Man isn’t meant to stay indoors — our weekly “Trekking” column can attest to that. It’s a column dedicated to the adventurer inside of all of us, the one pining to ditch the office humdrum for a quick surf session or seven-week jaunt in the Grand Tetons. One day we may highlight an ultra-light stove and the next a set of handmade canoe paddles. Life doesn’t just happen inside the workplace, so get outside and live it.
It’s not easy to resist the allure of fresh powder and pristine slopes — after all, some of the finest runs you’ll likely ever encounter rest within the backcountry. However, unlike the controlled terrain of your local park or ski slope, the distant areas outside the confides of the park often hold their own peril. Avalanches, the unpredictable force of nature known to obliterate everything from trees to buildings, always pose a risk. Fortunately, the Osprey’s Kode ABS 42 ($1,150) is designed for such occasions.
Specifically crafted with ABS compatibility in mind, the 42-liter is more than just a mere organizer. The thermoformed back panel unzips, allowing you to attach an ABS base unit and providing you with additional protection in case of an avalanche. With the quick pull of the explosive handle, nitrogen canisters help deploy the dual balloons housed within the ABS unit, thus increasing your odds of staying afloat when caught in an onslaught of snow and debris. Moreover, the jet-black pack touts an enormous front panel for quickly accessing other avalanche safety equipment — i.e. a probe, shovel, beacon — and other gear stored in the dedicated sleeves.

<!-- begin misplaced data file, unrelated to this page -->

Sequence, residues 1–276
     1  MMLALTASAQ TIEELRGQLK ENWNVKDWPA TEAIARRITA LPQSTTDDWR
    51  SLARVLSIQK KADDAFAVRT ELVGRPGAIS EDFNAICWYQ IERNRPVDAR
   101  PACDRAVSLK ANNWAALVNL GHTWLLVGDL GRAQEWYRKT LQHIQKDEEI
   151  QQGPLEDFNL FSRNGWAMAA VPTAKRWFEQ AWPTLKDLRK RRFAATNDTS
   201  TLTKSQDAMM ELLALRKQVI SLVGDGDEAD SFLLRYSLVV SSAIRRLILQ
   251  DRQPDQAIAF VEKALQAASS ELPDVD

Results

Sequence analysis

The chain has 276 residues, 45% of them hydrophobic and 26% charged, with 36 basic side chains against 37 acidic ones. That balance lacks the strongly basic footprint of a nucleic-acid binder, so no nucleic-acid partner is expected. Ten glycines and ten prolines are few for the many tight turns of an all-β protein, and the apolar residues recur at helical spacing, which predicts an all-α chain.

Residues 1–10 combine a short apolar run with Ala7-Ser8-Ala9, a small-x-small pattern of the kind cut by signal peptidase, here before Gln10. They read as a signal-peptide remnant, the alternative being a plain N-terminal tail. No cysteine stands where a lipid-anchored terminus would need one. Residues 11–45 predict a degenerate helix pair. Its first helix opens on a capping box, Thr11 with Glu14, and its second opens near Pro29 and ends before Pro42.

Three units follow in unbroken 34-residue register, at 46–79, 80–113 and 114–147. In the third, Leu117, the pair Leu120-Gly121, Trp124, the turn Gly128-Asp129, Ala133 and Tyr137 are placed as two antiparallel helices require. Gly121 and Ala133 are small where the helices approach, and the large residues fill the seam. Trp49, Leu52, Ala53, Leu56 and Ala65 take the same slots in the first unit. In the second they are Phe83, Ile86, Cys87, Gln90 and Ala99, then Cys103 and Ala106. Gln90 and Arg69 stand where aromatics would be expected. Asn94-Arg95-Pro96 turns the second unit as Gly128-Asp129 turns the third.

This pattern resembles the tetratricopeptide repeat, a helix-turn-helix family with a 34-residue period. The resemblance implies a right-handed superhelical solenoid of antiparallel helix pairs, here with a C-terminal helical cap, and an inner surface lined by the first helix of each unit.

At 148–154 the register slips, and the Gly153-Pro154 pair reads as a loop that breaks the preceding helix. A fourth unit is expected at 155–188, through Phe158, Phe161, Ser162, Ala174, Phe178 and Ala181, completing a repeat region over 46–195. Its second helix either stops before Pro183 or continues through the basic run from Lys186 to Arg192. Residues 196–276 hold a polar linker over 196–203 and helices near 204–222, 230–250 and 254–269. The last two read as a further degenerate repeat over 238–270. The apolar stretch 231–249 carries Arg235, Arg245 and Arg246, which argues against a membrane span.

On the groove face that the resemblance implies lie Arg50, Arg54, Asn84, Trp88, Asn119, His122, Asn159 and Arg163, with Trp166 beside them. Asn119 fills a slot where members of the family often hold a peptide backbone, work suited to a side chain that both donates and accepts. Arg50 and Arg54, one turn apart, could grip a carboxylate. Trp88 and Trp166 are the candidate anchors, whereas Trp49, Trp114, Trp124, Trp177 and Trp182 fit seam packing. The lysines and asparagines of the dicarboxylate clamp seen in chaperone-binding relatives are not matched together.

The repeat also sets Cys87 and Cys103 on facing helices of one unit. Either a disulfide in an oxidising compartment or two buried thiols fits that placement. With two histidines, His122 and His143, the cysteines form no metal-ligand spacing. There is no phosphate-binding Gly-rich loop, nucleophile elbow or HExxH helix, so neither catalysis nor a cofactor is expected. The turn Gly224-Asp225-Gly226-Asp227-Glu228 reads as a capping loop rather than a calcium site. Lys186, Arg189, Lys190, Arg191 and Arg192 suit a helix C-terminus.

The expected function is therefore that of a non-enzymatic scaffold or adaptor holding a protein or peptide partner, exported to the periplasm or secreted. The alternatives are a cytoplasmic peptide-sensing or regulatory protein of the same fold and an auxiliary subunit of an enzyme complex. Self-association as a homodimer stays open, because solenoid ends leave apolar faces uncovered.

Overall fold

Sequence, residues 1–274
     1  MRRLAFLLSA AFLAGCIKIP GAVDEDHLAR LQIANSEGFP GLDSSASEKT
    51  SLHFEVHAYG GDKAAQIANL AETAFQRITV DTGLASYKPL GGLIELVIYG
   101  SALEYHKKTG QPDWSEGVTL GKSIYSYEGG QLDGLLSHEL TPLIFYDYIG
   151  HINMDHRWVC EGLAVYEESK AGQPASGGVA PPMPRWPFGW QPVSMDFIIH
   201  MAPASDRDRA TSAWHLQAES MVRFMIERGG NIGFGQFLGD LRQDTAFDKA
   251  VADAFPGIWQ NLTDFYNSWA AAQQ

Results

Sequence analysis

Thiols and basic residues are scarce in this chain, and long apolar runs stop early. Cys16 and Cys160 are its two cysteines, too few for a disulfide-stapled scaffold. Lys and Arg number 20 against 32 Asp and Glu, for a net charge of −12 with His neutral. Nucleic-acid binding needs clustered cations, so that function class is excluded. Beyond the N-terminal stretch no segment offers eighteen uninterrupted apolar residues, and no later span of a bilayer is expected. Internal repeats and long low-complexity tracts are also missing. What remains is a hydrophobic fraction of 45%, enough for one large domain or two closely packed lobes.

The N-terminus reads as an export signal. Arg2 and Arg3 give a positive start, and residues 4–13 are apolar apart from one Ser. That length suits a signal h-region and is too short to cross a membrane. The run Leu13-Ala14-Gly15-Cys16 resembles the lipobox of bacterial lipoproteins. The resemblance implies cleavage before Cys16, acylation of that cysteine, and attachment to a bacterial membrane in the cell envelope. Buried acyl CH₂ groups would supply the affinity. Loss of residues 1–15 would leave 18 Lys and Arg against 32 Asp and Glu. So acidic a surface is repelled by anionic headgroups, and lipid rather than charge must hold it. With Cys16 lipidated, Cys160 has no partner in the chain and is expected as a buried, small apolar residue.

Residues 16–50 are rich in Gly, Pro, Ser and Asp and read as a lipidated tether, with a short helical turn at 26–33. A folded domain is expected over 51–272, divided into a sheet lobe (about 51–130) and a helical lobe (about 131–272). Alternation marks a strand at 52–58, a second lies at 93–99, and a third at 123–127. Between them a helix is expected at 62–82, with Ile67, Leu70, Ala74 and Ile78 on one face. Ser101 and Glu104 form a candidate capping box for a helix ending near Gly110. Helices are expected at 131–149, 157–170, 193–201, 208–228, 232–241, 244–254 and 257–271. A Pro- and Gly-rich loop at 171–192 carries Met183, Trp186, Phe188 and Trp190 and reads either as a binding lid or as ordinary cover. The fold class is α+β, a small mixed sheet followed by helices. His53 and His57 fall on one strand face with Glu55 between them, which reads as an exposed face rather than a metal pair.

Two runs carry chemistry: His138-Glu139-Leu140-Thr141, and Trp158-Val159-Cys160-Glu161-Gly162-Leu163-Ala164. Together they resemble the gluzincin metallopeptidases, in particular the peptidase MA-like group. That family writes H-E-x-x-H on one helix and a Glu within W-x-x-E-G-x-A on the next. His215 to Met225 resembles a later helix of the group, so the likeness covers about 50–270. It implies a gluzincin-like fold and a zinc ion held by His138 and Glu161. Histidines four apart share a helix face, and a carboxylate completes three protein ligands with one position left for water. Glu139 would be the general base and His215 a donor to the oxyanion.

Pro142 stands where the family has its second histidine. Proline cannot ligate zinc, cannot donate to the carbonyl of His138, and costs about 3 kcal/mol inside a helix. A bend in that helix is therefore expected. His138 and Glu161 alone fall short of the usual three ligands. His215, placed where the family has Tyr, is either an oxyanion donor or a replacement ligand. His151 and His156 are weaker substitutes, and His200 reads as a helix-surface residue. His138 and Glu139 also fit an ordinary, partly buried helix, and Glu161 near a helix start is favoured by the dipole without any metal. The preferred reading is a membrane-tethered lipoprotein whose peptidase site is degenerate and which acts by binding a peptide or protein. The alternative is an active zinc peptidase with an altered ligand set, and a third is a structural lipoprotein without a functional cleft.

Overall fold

ABS compatibility is only one hallmark of the versatile pack, though. It utilizes webbing, loops, and reinforced straps to secure your skis or snowboard to the front, and furthermore, sports a sewn-in hydration sleeve and dedicated compartment for stowing your helmet and other vital gear with little hassle. An anti-scratch pouch for your goggles also adds to the pack’s appeal, as does the convenient compression strap lined beneath the top pocket for securing ropes for any mountaineering venture you may have on the docket. Let’s just hope you never need to use the inflatable balloons.
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